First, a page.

Senate Republicans say they will likely have the votes to block the start of debate on a major financial reform bill, which would leave the legislation in limbo until a bipartisan deal can be achieved.
Senate Majority Leader Harry Reid, D-Nev., plans to hold a vote late Monday afternoon but so far appears to lack the 60 votes needed to achieve cloture and stop a Republican filibuster. Democrats control 59 votes and need to win the support of at least one GOP lawmaker.
"It's my expectation that we will not go forward with this partisan bill tomorrow," Sen. Mitch McConnell, R-Ky., said on "Fox News Sunday."
The top negotiators on the bill, Senate banking committee Chairman Christopher Dodd, D-Conn., and the committee's top Republican, Richard Shelby, R-Ala., met in an effort to put together a last-minute deal, but it was not expected to yield an agreement because the GOP says more time is needed.
"If nothing happens between today and tomorrow, Democrats will not get cloture," Shelby said on "Meet the Press."
Republicans object to several major aspects of the bill, in particular the language pertaining to how the federal government handles meltdowns at big financial institutions. The current bill establishes a $50 billion fund for winding down failed banks. But Republicans want to eliminate the fund and rewrite the language to prohibit the federal government from bailing them out.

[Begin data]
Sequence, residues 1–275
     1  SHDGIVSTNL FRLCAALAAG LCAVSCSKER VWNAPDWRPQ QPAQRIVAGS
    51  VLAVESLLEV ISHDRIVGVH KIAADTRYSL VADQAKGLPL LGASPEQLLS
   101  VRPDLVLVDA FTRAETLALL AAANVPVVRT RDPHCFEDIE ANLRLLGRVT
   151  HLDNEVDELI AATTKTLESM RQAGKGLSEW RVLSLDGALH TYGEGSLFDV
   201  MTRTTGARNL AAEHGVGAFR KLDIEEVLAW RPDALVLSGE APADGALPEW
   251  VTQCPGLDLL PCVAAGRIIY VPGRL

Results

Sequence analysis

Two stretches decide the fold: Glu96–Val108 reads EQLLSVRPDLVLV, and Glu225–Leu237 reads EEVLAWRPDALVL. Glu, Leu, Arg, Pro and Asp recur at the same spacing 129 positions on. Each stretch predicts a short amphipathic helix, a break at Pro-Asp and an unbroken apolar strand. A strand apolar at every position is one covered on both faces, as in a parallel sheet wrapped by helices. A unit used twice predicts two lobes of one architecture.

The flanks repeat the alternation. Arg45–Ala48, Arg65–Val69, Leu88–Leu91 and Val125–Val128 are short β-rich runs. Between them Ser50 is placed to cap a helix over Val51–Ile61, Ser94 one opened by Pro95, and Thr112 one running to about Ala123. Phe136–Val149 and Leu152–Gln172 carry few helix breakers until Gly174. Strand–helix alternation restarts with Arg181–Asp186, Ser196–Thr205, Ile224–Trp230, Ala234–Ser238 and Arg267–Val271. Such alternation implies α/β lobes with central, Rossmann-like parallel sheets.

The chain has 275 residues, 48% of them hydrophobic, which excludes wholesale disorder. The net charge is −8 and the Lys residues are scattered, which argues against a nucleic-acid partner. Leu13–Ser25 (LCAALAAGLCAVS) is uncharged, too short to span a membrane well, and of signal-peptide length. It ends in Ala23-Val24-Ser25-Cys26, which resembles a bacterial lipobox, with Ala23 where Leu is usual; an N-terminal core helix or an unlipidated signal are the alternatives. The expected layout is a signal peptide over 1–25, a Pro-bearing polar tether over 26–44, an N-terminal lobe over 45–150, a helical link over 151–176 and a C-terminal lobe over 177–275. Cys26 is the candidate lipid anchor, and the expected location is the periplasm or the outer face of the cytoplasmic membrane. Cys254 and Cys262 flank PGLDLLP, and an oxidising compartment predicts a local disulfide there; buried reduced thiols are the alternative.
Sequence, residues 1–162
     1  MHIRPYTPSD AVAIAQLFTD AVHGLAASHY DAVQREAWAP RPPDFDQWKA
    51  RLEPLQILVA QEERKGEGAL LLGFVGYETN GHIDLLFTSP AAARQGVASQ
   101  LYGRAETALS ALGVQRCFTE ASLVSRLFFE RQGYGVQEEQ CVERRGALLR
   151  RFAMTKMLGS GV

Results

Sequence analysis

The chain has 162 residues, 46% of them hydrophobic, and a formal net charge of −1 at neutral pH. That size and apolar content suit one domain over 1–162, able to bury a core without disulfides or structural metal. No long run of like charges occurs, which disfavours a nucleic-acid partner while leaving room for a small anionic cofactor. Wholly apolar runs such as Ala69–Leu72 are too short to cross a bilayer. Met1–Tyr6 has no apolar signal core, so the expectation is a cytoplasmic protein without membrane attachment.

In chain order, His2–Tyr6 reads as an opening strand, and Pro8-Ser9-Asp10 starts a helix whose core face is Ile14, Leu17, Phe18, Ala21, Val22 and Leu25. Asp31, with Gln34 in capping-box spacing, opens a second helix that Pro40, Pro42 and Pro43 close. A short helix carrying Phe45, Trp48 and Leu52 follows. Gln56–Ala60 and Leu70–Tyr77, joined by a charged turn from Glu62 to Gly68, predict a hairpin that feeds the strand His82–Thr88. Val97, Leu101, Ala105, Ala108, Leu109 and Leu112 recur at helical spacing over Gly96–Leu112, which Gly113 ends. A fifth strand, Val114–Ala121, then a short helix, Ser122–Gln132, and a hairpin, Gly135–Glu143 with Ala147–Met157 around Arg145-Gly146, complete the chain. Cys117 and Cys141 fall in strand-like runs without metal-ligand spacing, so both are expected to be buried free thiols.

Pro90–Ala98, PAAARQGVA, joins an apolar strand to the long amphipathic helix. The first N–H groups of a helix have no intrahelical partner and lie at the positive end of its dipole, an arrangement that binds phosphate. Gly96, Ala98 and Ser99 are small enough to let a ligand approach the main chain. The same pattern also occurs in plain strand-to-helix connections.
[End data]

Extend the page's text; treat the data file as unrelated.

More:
"We need to tighten that up and make sure it doesn't happen again," Shelby said. "The message needs to be unambiguously that nothing is too big to fail."
If Republicans block the bill, it is unclear when Democrats will attempt a second vote on the measure.
Senate Majority Whip Richard Durbin, D-Ill., threatened last week to pull the plug on the bill if Republicans succeed at blocking it, but the two parties will continue to negotiate.
Dodd said on "Meet the Press" he thought if a deal could not be achieved by Monday, it could happen "in the next few days or the next week," while Shelby said, "It may be next week. The main thing is to get a good bill."
The bill as currently written would give the Federal Reserve more authority over big financial institutions and create a Consumer Financial Protection Agency. The bill would also establish a special council to warn of systemic risks taken by large institutions that could threaten the economy and perhaps cause a repeat of the financial market meltdown that occurred in 2008.
If Democrats can come up with the 60 votes to bring a bill to the floor, there will be many attempts to amend it.
Sen. Bob Corker, R-Tenn., said he would offer an amendment that would require the management of liquidated financial firms to pay a penalty.
"I think that everything that the executive team and the board members have earned through this company over the last five years needs to be clawed back," Corker said on ABC's "This Week." "In other words, there needs to be some penalties assessed to the management that have caused the country to have to go through this orderly liquidation process."